By Scott Snyder, Tula Lotay, and Steve Wands
Scott Snyder delivers another fantastic issue of All-Star Batman #7 that dives into the inner working of a new batman villain while also providing a great stand-alone Batman story. This time he partnered with the insanely talented artist Tula Lotay and their subject is Poison Ivy. This issue is filled with a battle against the clock, as Batman needs to stop the spread of a bacteria Mr. Freeze let loose. As the clock ticks on will Batman get Dr. Pamela Isley to help him, or will all he get is Poison Ivy?
Snyder and Lotay will pull on all your heartstrings with this surprisingly touching story about passion, loss, and creation. The chemistry between Poison Ivy and Batman jumps off the page. You can feel the understanding and respect between them that underlines their confrontations. Snyder writes this story a little different from past issues of All-Star Batman, this has more depth in little space with added subtext pulled from past known origins and history between the two characters. In past issues, we rarely give the villain (Two-Face, Mr. Freeze) the benefit of the doubt, we can see plainly that they want to do harm. Poison Ivy is shown with a different light, it almost is painted as Batman searching for a consultation over him trying to defeat and stop a villain. This is also communicated through the art; she is shown are strong, heroic, and poised throughout the book. Her and her plant extensions do not appear menacing or foreboding, but rather defensive and even tender at times.
The intention behind All-Star Batman was to pair Snyder with a different creative team for every Batman villain he covered. This concept of a different artist bringing to life Scott’s story to life around each different villain is such a beautiful concept, and it is brought to life with Lotay’s art style in this issue. To put Poison Ivy with Lotay’s art makes you wonder maybe if she should be the only artist who gets to bring her to life. Lotay makes Poison Ivy the center piece of this story, with her bright red hair and striking green eyes stealing every panel she is in, Poison Ivy demands your attention. She is not over sexualized, which is so often done, but she appears understated and tactile. Her outfit is utilitarian with a green body suit, leggings, and boots all make sense in each place. There are no pointless heels in her boots, or extreme cleavage to distract you. Lotay adds a nice touch of a darkened streak across Poison Ivy’s eyes, a makeshift mask from tree bark, that really shows the transformation from Dr. Isley to Poison Ivy. She speaks eloquently and appears poised, this is a real class act sophisticated villain Snyder and Lotay are bringing here, from words to pencils; this is a fleshed-out female villain who is more than just eye candy.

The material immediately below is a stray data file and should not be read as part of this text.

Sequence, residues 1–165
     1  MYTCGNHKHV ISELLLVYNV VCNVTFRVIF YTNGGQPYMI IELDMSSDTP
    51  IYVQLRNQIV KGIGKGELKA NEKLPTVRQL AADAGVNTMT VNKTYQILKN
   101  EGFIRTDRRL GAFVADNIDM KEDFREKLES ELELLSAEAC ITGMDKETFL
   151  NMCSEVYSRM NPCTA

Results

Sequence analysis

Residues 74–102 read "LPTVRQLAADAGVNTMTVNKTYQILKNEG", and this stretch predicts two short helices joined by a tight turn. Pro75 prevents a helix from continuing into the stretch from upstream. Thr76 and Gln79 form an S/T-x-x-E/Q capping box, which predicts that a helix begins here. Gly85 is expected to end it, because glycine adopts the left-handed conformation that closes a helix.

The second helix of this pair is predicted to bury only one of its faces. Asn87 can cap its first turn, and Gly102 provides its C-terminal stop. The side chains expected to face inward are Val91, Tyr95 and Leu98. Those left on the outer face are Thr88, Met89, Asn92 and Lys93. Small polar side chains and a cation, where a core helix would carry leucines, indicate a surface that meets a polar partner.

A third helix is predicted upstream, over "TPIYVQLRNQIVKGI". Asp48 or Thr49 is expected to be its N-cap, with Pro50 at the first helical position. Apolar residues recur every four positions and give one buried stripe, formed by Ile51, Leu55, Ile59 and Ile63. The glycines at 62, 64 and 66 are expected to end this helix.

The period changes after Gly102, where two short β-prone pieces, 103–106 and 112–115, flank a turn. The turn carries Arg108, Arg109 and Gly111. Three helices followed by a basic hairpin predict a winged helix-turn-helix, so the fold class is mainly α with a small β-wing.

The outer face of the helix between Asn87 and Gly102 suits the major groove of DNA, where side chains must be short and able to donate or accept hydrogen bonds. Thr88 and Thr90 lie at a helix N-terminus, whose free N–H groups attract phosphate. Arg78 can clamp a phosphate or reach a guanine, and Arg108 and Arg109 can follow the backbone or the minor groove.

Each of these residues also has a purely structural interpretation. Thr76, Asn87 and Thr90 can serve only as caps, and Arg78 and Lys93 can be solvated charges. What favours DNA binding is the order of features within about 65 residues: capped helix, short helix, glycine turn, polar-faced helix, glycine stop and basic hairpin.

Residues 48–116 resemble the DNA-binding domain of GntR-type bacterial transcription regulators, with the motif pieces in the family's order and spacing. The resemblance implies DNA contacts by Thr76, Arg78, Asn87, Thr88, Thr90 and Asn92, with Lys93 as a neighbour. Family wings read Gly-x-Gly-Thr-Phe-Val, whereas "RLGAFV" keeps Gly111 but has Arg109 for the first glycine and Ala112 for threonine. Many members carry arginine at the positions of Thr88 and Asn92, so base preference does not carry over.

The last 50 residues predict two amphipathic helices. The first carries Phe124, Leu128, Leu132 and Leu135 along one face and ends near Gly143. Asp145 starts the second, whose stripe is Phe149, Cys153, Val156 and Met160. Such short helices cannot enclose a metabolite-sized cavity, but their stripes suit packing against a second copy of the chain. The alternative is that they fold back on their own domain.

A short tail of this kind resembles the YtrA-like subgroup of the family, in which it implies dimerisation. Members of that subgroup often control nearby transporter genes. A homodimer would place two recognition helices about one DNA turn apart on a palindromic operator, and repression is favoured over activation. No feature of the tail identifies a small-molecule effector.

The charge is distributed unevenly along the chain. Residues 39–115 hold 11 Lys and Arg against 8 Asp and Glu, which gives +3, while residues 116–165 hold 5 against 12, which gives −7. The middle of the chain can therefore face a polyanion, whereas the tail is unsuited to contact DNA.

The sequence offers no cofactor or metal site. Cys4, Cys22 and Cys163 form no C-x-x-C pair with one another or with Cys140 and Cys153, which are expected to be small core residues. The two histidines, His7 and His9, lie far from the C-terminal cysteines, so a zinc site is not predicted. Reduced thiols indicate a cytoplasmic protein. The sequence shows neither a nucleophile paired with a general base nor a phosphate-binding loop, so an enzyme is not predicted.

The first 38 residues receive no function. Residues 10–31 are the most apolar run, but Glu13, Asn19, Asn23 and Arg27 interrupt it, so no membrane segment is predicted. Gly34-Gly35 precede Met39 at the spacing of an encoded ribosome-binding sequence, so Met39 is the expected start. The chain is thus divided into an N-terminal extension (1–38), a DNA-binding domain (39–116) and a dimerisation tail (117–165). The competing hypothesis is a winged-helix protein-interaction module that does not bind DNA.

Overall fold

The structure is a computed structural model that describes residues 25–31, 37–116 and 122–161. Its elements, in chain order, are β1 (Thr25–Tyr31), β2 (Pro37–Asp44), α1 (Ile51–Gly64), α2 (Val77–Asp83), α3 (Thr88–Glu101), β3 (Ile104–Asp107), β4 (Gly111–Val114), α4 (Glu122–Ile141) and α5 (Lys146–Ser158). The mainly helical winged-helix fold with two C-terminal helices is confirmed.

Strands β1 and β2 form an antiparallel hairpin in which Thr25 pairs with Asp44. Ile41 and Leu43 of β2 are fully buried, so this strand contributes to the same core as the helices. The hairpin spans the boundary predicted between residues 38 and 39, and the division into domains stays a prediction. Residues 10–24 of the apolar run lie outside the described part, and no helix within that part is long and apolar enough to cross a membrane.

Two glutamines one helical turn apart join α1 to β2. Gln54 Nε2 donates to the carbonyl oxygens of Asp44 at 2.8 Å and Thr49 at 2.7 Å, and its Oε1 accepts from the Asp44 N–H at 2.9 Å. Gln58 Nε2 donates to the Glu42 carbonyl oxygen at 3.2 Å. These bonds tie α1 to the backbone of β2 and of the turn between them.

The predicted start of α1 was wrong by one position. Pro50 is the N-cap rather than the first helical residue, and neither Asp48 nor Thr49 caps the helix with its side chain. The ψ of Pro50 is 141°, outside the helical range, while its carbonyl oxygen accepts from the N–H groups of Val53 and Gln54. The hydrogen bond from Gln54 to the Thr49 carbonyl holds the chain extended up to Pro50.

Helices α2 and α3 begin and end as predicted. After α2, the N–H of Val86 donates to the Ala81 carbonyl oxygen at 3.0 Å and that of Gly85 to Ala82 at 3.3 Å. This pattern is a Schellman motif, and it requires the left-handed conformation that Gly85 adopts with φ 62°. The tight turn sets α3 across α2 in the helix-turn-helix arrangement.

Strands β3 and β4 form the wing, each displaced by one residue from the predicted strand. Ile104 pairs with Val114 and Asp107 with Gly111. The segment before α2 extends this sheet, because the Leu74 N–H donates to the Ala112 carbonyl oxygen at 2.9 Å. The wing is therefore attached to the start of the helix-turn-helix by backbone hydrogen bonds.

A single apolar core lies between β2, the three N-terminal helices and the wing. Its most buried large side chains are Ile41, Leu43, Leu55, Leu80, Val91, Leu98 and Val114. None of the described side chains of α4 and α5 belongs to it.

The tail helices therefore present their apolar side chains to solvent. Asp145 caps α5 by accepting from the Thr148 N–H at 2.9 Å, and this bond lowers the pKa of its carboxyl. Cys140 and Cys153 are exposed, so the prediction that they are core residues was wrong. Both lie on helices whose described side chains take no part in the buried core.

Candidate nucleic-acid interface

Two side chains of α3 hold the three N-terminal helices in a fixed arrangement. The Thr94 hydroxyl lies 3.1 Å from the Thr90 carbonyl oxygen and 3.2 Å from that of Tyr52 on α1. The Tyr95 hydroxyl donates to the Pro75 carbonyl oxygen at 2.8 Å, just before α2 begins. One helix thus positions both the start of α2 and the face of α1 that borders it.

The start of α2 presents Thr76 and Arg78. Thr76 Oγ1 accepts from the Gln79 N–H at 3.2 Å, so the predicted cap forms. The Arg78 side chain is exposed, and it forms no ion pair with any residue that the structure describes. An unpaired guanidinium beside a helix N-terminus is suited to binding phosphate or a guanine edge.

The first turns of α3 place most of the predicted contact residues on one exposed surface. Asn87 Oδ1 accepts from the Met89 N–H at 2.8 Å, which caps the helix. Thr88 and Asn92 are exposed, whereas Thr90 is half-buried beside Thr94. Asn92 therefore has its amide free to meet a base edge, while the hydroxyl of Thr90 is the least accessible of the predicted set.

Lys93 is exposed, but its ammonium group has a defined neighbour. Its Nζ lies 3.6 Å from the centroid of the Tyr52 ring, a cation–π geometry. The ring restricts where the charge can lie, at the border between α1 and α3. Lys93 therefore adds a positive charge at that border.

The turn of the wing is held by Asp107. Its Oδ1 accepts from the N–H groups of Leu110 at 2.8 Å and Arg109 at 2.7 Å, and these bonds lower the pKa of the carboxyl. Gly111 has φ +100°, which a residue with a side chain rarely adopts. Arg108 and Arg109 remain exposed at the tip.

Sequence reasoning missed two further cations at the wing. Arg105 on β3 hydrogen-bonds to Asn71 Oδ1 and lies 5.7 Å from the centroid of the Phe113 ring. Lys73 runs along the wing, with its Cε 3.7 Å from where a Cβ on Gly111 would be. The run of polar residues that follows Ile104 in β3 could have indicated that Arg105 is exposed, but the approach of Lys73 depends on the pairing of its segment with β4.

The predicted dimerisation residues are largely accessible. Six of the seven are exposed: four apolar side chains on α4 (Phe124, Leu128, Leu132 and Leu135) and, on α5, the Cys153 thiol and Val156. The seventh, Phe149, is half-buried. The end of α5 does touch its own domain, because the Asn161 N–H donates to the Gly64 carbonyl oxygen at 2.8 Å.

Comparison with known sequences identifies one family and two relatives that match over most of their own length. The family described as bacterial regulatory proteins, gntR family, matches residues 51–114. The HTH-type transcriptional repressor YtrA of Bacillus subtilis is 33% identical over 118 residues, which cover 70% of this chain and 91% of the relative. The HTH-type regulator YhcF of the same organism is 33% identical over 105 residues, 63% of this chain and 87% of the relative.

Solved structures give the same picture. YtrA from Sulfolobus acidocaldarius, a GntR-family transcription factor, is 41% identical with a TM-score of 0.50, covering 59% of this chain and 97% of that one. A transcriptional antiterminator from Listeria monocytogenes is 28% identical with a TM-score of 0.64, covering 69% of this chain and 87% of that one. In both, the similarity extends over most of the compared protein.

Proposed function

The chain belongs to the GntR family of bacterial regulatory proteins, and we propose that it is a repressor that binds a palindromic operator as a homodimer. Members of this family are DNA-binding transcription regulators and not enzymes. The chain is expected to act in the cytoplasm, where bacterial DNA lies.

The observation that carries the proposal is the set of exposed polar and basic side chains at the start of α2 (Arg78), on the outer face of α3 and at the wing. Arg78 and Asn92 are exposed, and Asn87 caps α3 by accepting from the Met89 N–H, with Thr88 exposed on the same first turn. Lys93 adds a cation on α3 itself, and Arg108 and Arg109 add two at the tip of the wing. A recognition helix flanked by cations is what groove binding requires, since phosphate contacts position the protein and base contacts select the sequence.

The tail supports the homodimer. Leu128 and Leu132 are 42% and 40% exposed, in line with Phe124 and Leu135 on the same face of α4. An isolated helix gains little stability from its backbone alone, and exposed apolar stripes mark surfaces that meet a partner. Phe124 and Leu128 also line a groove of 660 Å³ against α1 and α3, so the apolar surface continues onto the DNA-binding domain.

Snyder continued to bring his best with each and every issue that comes out from All-Star Batman. You may already be convinced he is a superb writer, but after this issue his writing versatility will put him in a new league unmatched by other contemporary writer in comics. Batman so far has encountered three villains over this series, and each issue we learn more about Bruce Wayne, Batman, and those around him that have shaped him (his enemies). As we dive deeper and deeper every month in getting to understand new bits and pieces about the Bats it starts to become clear how much this villains are also shaped by Batman. This series is as much of a love note to Batman as it is to his villains which makes this is a must read for every Batman fan or anyone who wants to be one.